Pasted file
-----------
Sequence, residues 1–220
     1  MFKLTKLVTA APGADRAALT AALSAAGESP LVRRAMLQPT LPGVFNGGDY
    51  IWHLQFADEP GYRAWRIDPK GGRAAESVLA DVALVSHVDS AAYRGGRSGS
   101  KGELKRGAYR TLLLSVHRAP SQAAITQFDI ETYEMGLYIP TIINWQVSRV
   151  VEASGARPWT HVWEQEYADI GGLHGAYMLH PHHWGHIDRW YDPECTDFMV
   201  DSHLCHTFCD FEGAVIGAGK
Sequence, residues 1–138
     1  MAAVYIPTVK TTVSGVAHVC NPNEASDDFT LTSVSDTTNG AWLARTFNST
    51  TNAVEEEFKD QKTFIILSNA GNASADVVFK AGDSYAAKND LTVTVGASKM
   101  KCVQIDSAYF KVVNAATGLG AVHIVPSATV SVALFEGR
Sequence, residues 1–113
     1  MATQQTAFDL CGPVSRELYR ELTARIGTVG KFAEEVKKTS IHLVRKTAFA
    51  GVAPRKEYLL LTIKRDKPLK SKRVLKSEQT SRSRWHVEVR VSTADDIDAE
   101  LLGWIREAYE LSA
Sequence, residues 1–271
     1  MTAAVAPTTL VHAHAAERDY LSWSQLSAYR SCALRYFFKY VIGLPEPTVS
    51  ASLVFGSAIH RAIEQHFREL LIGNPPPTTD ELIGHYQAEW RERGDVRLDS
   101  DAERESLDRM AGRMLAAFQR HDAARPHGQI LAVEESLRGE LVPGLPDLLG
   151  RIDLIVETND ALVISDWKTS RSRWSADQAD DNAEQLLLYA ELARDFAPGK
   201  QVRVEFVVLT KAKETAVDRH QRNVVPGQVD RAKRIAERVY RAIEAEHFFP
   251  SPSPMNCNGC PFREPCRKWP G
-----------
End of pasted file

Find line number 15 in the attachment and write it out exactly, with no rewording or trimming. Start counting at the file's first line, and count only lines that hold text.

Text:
Sequence, residues 1–271